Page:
Former industrial and manufacturing hubs like Dayton, Ohio, and Gary, Indiana—often referred to as legacy cities—need not choose between economic growth and equity, as growth is most durable when it benefits everyone, according to a new Policy Focus Report and accompanying Policy Brief published by the Lincoln Institute of Land Policy in partnership with the Greater Ohio Policy Center.
Legacy cities can promote long-term growth while addressing racial and economic inequities laid bare by COVID-19 using strategies mapped out in Equitably Developing Smaller Legacy Cities: Investing in Residents from South Bend to Worcester. Using case studies of successful initiatives, the report guides practitioners through equitable investment in both physical projects and people.
Legacy cities experienced declining manufacturing economies and population loss in the 20th century, and they are now at various points on a path to revitalization. The report focuses on small to mid-size legacy cities with populations of 30,000 to 200,000 residents. Though they share many characteristics with their larger counterparts, these cities face unique challenges and require tailored approaches to revitalization.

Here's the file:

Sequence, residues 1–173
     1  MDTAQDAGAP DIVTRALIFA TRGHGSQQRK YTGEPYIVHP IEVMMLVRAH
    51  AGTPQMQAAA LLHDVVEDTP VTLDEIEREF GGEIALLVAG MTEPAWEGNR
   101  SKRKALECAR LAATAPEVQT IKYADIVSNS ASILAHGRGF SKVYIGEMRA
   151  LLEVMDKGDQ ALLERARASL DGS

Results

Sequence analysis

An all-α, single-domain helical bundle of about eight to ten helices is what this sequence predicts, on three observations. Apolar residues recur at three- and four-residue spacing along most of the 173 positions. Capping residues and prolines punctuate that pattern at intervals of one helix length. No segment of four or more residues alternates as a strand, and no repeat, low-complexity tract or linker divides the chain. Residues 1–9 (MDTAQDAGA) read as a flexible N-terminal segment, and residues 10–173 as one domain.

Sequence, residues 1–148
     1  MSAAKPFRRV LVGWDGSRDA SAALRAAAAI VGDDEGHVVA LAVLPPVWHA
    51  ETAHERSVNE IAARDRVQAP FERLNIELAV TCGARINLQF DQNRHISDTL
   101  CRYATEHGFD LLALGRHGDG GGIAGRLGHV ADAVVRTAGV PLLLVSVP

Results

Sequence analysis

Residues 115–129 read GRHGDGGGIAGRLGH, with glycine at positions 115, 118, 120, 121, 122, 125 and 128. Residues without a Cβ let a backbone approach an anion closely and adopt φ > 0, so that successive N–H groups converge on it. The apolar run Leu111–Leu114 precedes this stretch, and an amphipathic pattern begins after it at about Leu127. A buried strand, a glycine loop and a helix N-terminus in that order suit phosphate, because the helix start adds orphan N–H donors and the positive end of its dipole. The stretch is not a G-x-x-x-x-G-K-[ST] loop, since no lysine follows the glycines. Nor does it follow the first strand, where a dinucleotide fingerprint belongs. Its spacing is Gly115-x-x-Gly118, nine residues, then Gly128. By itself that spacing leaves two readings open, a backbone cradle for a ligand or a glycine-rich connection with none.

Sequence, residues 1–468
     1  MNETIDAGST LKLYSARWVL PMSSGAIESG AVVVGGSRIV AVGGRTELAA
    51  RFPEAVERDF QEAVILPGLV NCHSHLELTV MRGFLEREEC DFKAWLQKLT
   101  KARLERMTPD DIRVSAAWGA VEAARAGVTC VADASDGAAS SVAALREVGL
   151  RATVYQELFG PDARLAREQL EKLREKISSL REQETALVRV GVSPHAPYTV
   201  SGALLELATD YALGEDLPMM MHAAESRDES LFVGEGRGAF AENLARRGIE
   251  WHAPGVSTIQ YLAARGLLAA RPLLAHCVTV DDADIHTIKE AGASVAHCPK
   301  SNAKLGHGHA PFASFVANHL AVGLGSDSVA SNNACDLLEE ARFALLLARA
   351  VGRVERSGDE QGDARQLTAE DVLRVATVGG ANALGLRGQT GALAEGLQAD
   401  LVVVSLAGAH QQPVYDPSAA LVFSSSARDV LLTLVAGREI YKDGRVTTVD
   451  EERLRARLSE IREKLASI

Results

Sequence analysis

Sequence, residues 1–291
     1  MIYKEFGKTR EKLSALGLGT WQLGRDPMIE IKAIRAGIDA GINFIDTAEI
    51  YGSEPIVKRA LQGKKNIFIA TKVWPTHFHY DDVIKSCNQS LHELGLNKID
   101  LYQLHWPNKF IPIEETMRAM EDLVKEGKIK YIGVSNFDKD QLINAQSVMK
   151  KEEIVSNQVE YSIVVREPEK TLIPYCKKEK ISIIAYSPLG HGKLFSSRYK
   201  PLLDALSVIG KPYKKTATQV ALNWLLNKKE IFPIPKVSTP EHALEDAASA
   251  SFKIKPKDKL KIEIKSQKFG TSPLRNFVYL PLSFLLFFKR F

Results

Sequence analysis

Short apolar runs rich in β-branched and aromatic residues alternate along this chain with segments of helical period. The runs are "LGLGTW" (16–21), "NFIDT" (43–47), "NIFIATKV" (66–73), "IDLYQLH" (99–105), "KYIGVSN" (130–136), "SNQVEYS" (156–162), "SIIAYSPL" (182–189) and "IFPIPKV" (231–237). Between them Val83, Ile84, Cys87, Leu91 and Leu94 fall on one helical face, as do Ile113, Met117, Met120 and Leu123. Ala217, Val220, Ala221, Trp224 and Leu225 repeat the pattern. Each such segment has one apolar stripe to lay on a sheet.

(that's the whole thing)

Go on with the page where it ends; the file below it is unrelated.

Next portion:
Promising policies and strategies have emerged—as outlined in the 2017 Policy Focus Report Revitalizing America’s Smaller Legacy Cities and in the digital library of the Lincoln Institute’s Legacy Cities Initiative—and some legacy cities have seen populations grow or stabilize. As the new report shows, durable revitalization requires explicit efforts to address stark social and economic inequities.
“Leaders in America’s smaller legacy cities are uniquely positioned to test, refine, and innovate equitable development practices,” authors Erica Spaid Patras, Alison Goebel, and Lindsey Elam of the Greater Ohio Policy Center write in the report. “A robust commitment to equity is a powerful tool that can lead to a brighter future for these communities.”
Drawing on years of experience conducting research, advocacy, and outreach on behalf of Ohio’s 20 legacy cities, the authors begin the report with an explanation of how greater equity can both improve everyone’s access to opportunity and support the economic prospects of cities. For example, by providing better job training for longtime residents, a city can increase disposable income and encourage businesses to hire locally and ultimately stay in the city. Reducing entrenched poverty and increasing citizen engagement can improve a community’s long-term financial health.